Ketamine is changing the lives of so many who have been suffering from treatment-resistant depression and suicidal thoughts. It is pulling them out of their darkness and ending the rollercoaster ride of trying medication after medication, getting their hopes up when a medication would start to work for a while, but then driving them deeper into a worsening spiral when it stops being effective. Ketamine interrupts the cycle of frustration and hopelessness in the most wonderful ways.
In 2018, Alan Ferguson spoke to CNN about his decades-long battle with clinical depression and multiple suicide attempts. During this time, he had been prescribed dozens of medications (SSRIs, SNRIs, tricyclic antidepressants), but he found little relief. “I never got to the point that I thought, ‘OK, I’m feeling good,’ ” he said. “It was always, ‘OK, this is tolerable.’ But yet those thoughts [of wanting to die] were still there.”
Ferguson, by some stroke of luck, was referred to a ketamine clinic in Milwaukee. The morning after his infusion, he anxiously awaited “his pervasive ‘I need to be dead’ thoughts” but they never arrived. “No negative thoughts!” he recalled. “My problems still existed … but things were different. My most faithful, lifelong companion was gone!” The efficacy of Ferguson’s treatment is evidence of the power of this drug. He calls it a “medical marvel.”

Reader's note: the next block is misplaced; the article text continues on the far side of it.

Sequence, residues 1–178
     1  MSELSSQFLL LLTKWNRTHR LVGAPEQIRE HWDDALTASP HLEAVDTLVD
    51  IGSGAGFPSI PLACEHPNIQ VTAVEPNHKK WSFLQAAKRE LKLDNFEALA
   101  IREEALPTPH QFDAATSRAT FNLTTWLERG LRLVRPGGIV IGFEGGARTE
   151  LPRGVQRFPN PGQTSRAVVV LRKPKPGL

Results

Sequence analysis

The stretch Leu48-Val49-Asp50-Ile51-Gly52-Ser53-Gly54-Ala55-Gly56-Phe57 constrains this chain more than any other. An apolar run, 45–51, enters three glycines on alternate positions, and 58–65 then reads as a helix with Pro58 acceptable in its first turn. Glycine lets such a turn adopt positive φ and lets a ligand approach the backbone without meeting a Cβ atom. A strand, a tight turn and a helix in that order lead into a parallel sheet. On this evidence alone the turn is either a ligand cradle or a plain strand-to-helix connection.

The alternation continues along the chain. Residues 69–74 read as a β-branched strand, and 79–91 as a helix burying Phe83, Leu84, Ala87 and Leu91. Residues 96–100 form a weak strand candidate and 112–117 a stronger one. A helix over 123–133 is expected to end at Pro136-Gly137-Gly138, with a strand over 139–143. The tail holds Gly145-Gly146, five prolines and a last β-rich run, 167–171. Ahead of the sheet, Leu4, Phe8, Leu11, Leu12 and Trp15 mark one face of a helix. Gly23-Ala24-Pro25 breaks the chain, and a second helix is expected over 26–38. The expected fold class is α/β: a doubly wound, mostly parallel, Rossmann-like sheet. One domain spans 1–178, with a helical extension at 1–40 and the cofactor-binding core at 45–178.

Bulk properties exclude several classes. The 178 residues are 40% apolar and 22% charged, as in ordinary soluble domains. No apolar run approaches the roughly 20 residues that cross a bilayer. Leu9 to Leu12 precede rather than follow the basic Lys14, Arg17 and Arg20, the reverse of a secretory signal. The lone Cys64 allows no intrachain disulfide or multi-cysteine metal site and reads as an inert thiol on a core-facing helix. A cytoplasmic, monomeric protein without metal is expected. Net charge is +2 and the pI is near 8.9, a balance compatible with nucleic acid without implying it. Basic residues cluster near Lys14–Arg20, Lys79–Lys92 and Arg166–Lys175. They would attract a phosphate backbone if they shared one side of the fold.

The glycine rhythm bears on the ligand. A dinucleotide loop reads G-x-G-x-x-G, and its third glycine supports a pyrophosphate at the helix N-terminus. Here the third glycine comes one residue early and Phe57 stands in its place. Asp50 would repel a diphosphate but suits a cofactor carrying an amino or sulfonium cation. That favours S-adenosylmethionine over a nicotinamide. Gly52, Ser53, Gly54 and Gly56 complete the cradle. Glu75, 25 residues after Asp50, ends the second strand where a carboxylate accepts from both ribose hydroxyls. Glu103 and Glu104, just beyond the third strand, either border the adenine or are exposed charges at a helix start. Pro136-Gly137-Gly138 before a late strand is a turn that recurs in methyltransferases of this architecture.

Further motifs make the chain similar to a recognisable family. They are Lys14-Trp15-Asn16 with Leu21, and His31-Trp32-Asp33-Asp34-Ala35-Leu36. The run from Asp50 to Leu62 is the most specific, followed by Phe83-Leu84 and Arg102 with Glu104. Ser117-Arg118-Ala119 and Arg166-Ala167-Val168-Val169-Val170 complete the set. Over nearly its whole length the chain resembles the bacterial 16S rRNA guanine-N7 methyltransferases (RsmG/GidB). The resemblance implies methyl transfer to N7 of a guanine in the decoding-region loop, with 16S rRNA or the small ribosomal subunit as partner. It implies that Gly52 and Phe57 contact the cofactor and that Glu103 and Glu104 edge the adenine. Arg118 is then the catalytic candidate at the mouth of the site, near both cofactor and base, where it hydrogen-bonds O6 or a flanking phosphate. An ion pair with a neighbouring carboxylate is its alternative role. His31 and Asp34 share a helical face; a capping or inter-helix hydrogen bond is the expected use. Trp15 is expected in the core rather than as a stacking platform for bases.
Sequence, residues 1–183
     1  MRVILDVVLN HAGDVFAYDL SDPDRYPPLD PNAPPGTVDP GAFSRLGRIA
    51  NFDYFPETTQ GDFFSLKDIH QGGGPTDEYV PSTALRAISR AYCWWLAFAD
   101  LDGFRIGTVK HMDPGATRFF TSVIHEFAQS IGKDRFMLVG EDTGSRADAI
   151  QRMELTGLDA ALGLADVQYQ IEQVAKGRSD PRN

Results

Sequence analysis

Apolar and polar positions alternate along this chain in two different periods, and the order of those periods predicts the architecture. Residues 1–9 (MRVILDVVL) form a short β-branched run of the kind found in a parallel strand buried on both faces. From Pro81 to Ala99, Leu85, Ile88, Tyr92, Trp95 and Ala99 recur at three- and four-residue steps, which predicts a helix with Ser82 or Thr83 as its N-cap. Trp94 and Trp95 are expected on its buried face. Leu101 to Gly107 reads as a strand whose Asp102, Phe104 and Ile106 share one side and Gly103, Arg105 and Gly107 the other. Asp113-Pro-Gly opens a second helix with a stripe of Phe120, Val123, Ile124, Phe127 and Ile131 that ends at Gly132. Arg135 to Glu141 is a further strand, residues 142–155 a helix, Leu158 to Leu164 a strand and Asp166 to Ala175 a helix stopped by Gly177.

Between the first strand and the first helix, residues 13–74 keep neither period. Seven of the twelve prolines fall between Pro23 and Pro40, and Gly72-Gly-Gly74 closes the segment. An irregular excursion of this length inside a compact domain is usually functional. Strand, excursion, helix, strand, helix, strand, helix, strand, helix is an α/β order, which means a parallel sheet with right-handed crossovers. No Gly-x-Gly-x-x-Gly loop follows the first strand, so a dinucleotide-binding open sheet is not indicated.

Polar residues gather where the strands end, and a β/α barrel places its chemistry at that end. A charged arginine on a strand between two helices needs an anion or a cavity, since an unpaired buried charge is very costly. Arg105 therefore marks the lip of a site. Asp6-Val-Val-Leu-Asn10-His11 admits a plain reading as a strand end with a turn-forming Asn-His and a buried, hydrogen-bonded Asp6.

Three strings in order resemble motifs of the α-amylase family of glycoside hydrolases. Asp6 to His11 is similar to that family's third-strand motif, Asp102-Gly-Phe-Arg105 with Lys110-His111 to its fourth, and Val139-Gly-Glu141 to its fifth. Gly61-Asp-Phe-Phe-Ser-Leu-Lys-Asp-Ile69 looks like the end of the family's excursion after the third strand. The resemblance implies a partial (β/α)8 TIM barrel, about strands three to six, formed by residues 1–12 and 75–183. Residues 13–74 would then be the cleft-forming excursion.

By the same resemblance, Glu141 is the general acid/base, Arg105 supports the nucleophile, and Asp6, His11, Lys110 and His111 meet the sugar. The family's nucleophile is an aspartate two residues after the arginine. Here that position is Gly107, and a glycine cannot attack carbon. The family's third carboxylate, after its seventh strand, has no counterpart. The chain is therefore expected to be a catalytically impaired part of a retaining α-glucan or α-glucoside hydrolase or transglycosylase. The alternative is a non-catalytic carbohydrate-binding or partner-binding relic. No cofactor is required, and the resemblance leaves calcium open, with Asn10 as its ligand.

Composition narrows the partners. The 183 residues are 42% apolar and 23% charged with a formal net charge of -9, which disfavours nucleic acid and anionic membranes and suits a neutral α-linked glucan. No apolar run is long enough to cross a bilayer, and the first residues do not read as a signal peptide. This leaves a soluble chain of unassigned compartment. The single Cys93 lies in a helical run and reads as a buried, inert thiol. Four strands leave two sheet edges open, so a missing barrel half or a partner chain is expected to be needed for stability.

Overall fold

Alice Levitt attributes ketamine to saving her life. Prior to her treatments, she had believed that her depression was a terminal illness. For her, living with chronic depression was like experiencing “blunt force trauma to the head, locking you into a pattern of negative thought and throwing away the key.” Throughout her life, she was shuffled from practitioner to practitioner and was desperate for something to help treat her depression.
Like Ferguson, ketamine came calling, and Levitt took advantage of the opportunity to try it. The day after her infusion, Levitt experienced less psychiatric pain, and felt as though she had more purpose. She began to enjoy doing things she had long neglected. Levitt stated she was able “to connect with the world outside my head again. I noticed myself smiling more. I was living for the first time in months.”
Success stories, like these, are proof that ketamine is a promising treatment for depression for several reasons. First, it can be effective for people whose depression symptoms have not responded to prior treatments. Second, the effects of ketamine are rapid, which is unique compared to traditional antidepressants. A third reason is that ongoing ketamine therapy can protect an individual from the return of depression symptoms.
If you struggle with mental health issues, contact our ketamine infusion therapy center today for a free consultation, or simply complete the brief form below and a member of our clinical team will reach out to answer your questions, determine if you’re a candidate for ketamine infusion therapy, and address your concerns.
Contact Ketamine Greater Boston
Contact our ketamine infusion therapy center today for a free consultation, or simply complete the brief form below and a member of our clinical team will reach out to answer your questions and address your concerns.